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Photography Sara Blazej

This show shines a light on the internet’s most eerie, chaotic corners

From Hatsune Miku to World of Warcraft, Harris Rosenblum’s Inorganic Demons explores fandoms and other alienated online spaces

A demon is a disruptive force. It is a supernatural entity that thrives on chaos, destroying the possibility of a logically consistent world. In our current political climate, the demon can be interpreted as that which fractures consensus reality. As we become increasingly alienated from the real world, technology accelerates at a rapid pace, while climate change collapses all understanding of our place in the world. “Community, religion, locality, all these things that previously allowed us to create our collective understanding of reality have less of a chance than ever at breaking through,” agrees Harris Rosenblum, whose solo exhibition Inorganic Demons is on show at SARA’S in New York. 

The title Inorganic Demons comes from Reza Negarastani’s 2008 book Cyclonopedia, an experimental text about petrocapitalism, where oil is depicted as a sentient being. “He frames Inorganic Demons as these sentient relics of ancient forces, or forces outside of time, that are able to computationally grasp the movement of reality and its inconsistencies as modes of narration,” explains Rosenblum. This subversion of conventional, human-first narratives isn’t too dissimilar from fandoms and other “alienated online spaces”, where magical thinking acts as ways to dismantle conventional ways of seeing the world, breaking away from the standard reality tunnels to forge new realities. He expands, “As the alienation intensifies, I believe there is some innate movement within us to collectively create meaningful narratives that make sense of reality.”

As a member of the internet collective Do Not Research, Rosenblum has spent years looking into fringe ideologies. He describes himself as “working at the intersection of NEETs and absolute spirit”, with a body of work that pays tribute to these online communities. “People push at the terms of service and find themselves in anonymous communities wielding immense amounts of political power. Instead of leaving the basement the NEET creates a metaphysics of a new world through embellishing a fandom wiki,” he explains. On the surface, these internet groups, or microcultures, present ideologies that can appear strange, even absurd, but they also possess an “accidental magic” that has the ability to push these beliefs on a mass scale and alter our collective notion of what’s real.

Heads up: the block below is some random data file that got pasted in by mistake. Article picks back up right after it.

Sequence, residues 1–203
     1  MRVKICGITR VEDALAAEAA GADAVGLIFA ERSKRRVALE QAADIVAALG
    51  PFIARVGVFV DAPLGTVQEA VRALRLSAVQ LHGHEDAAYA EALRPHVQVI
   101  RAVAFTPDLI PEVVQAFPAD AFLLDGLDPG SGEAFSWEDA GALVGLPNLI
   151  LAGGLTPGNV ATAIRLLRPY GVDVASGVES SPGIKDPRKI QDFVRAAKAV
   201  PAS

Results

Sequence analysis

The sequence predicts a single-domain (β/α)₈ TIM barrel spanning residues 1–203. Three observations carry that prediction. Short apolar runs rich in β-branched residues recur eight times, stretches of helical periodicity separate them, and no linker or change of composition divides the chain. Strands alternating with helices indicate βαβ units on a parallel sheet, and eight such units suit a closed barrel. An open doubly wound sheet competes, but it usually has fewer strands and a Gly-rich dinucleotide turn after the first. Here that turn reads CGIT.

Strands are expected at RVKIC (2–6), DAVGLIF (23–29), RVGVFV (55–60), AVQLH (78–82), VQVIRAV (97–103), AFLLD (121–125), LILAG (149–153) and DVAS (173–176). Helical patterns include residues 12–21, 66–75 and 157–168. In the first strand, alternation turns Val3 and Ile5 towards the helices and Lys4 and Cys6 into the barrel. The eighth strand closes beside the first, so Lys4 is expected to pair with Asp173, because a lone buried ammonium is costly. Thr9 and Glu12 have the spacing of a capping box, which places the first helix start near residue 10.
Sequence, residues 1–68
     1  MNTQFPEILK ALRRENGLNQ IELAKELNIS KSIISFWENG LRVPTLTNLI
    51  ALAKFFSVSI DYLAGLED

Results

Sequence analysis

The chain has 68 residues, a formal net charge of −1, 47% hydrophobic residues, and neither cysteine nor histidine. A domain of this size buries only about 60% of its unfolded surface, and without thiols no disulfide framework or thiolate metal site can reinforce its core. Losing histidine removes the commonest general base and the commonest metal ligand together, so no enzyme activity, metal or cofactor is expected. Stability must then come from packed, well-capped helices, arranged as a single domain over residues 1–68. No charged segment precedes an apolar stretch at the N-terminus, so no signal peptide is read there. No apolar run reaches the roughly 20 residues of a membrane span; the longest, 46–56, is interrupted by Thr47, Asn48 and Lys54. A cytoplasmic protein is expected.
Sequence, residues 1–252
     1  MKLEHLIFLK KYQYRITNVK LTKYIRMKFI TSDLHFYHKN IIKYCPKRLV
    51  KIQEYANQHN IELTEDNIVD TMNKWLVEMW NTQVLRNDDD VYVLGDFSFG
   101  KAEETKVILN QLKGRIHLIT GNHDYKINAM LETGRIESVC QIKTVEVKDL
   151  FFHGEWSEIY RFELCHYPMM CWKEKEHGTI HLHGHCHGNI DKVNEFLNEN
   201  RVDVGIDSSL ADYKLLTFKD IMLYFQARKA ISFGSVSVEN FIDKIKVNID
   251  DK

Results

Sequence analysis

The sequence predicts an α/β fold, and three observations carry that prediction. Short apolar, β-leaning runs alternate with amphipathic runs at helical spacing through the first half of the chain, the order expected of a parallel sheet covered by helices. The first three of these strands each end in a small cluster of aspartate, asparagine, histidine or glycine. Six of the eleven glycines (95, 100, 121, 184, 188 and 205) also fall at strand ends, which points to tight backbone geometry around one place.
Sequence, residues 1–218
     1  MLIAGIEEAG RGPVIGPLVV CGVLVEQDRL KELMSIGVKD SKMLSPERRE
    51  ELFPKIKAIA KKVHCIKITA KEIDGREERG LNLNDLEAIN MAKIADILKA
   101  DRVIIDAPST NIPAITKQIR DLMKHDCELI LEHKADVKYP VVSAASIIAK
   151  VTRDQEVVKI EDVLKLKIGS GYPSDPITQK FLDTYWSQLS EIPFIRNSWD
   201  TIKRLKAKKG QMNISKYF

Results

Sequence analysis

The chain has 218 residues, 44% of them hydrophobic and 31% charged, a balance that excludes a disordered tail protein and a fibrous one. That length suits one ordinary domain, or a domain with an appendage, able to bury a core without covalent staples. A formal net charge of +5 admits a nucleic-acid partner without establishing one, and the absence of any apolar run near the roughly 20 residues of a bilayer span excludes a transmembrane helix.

“From 4chan to Hatsune Miku composers to absolutely insane political ideologies, you get this accidental reproduction of spirit that winds up breaking out and fundamentally changing the structure of the rest of the way reality understands itself,” Rosenblum says. “It’s not a spell or anything anyone can do on purpose, it’s just the innate structure of reality that it tries to heal and clarify itself and often that happens in ways that feel miraculous.”

In Inorganic Demons, Rosenblum presents 14 sculptures using a host of source materials, from WWII trench-based artisan weaponry to raw clay harvested from a Wendy’s parking lot during construction. Plant-based 3D printing resins and material made from surplus soybean oil that is trying to mimic the qualities of hyper-compressed algae are used to produce knock-off wargaming miniatures, a reference to Negarastani’s text, while blown-up World of Warcraft relic swords are made using a combination of XPS foam, sand, and the melted relic of a cross bought on Etsy. A highlight is a model of vocaloid Hatsune Miku, arguably a modern-day icon for the internet age, rendered as an archangel above a resin altar and made from motherboard standoffs, stainless steel hardware, iridescent privacy film, and a SD card with archive Wowaka remembrance videos to commemorate the late Hatsune creator. 

‘I think sometimes seeing ourselves as fungus might get us closer to a future we have a part in’ – Harris Rosenblum

These objects function as post-capitalist relics, signifiers of a consumer society that positions aesthetics as the identity blocks from which we LARP our own realities. But they are also made from mining earth metals, which are the product of ancient algae blooms that have been compressed over millions of years. This gives the artworks a hyperstitional quality, “positing of planetary scale forces that are beyond [our] comprehension”. They are also imbued with the spiritual potential of memetic esoteric belief systems: non-natural conceptions of human nature bound to a collective spirit. “Fantasy serves as an untethered imaginative zone where that future can be radically envisioned,” Rosenblum concludes. “The post-anthropocene either will have human life or it won’t, but it will definitely have fungus. I think sometimes seeing ourselves as fungus might get us closer to a future we have a part in.”

Inorganic Demons is on show at SARA’S in New York between April 14 and May 20